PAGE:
• That One Thing: London's Kioskafe

    By Greg Moniz


    The marker of a true cosmopolitan city is a really great newsstand. Teeming, a little messy, and slightly claustrophobic, it should be a physical embodiment of a whole world squeezed into one place. In addition to the local provincial fare, the truly great newsstand stretches outside its city’s borders by stocking foreign, exotic, and niche press. It should satisfy both the needs of the townie and the foreigner.

    Out of Town News in Cambridge, Massachusetts 

    Yet as the world shrinks, the great newsstand seems perpetually threatened, apt to be eaten up even as cities that matter attract more and more foreign visitors. Take Out of Town News (shown above) in Cambridge, Massachusetts. The kiosk, filled with periodicals from Johannesburg to Jakarta and centrally situated in Harvard Square, faced its own existential a few years back. Luckily, it stuck through, and is still the first thing one sees upon exiting the Harvard Square T stop.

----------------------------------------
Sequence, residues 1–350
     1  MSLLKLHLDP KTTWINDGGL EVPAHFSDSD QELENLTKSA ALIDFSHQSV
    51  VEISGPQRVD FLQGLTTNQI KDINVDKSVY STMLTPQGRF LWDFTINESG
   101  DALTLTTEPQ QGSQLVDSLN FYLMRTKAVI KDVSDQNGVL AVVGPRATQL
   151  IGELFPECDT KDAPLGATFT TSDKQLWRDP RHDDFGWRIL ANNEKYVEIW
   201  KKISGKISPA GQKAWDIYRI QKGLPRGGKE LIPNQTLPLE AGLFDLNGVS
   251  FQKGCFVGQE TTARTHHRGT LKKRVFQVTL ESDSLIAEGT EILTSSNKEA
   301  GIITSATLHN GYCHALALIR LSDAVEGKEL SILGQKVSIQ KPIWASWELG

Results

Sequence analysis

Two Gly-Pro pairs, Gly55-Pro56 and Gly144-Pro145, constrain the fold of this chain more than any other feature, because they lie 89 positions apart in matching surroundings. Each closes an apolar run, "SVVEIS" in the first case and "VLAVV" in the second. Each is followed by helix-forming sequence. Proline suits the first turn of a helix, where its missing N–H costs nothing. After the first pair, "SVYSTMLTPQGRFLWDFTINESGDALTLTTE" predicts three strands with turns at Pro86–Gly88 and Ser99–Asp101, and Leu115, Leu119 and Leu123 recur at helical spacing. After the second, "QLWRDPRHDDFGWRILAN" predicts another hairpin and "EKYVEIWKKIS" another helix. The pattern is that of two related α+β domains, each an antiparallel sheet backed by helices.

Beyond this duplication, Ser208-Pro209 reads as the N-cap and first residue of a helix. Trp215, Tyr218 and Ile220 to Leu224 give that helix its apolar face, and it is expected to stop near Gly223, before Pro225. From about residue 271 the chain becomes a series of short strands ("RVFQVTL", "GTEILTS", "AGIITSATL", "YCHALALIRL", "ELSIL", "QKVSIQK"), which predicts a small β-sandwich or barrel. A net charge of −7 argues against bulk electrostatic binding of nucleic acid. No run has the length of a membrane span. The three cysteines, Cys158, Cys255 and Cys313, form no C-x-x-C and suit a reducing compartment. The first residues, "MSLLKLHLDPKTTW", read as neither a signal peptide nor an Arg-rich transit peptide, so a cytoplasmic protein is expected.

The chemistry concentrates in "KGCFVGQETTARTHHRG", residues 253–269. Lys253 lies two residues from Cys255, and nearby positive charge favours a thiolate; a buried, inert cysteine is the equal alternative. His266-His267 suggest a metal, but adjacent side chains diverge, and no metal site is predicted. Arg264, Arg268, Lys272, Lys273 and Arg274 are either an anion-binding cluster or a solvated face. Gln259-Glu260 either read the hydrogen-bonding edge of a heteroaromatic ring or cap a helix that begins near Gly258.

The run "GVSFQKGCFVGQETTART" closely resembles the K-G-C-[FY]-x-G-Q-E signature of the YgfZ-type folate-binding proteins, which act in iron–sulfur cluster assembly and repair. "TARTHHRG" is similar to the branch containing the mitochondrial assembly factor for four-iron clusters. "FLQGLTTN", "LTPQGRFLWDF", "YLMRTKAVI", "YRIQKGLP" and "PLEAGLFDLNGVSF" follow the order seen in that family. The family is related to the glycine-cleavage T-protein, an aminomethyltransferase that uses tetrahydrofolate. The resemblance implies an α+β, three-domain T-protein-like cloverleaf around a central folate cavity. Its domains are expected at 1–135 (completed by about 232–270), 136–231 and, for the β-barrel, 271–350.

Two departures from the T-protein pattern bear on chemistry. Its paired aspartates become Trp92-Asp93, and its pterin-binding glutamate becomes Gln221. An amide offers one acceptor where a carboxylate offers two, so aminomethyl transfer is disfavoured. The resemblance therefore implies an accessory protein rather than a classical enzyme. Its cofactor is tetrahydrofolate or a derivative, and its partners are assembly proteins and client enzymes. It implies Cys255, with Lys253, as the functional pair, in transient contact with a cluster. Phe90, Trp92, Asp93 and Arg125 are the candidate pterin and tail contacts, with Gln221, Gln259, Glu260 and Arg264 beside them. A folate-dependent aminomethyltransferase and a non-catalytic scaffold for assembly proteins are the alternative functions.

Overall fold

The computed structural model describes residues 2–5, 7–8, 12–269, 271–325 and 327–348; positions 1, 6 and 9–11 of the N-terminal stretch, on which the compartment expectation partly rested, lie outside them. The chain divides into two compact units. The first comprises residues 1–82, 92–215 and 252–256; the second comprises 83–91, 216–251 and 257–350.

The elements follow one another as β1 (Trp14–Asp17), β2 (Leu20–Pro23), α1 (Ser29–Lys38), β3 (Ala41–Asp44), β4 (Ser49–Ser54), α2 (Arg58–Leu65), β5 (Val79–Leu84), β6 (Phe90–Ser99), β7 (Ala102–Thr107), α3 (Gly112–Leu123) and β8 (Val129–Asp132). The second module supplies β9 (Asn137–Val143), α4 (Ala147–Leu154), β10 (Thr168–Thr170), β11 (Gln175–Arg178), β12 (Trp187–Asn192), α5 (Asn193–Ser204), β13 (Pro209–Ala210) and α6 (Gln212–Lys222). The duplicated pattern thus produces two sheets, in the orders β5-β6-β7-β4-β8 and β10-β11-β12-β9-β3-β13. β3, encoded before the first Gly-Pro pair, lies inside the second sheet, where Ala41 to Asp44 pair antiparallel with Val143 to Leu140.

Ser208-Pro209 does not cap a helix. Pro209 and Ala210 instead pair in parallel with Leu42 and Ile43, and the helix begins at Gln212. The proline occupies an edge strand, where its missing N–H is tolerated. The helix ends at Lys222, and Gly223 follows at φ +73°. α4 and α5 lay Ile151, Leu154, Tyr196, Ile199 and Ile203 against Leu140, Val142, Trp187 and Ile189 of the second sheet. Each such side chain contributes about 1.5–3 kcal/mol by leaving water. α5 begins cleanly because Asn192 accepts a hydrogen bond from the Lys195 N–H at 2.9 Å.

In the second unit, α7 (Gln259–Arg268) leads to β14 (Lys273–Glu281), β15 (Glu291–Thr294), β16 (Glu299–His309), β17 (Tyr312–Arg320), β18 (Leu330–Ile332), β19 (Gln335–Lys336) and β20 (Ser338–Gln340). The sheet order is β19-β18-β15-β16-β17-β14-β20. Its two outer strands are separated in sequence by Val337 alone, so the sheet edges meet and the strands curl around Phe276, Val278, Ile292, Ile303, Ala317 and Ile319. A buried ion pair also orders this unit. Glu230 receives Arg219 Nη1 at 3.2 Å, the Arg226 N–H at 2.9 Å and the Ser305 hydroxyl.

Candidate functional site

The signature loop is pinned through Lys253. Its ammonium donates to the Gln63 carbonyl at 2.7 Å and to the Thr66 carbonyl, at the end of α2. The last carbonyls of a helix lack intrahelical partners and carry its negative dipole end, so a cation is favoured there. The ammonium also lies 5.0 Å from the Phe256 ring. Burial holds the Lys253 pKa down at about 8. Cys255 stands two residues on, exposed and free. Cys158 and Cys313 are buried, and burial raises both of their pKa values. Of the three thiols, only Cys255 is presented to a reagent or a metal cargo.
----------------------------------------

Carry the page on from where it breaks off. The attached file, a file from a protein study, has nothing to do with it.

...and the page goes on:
Amidst the shrinkage and possible extinction of the newsstand comes Kioskafe in London’s Paddington neighborhood. Started by the editors at Monocle, a group already committed to keeping print alive through the publication and success of their beautiful monthly, Kioskafe is a 21st century cafe that respects the history of the newsstand but embraces the conveniences of modernity.


    Kioskafe stocks two things: words and fare. In addition to actual physical magazines and newspapers (think Le Monde, the Guardian, GQ, British Vogue, etc.), Kioskafe also offers a print-on-demand system that allows you to print and read almost any newspaper almost instantly. And when they say almost any, they mean it. Think 2,505 titles from 107 countries in 60 different languages. Azer News from Azerbaijan? All yours. The Kuwait Times? You got it. New Zealand's The Christchurch Mail? Perfect with your cortado.

     All this news fits into a beautiful, bright, open, white and wooden space steps from the busy Paddington Station. Stop in, soak it up, and keep those printing presses churning.

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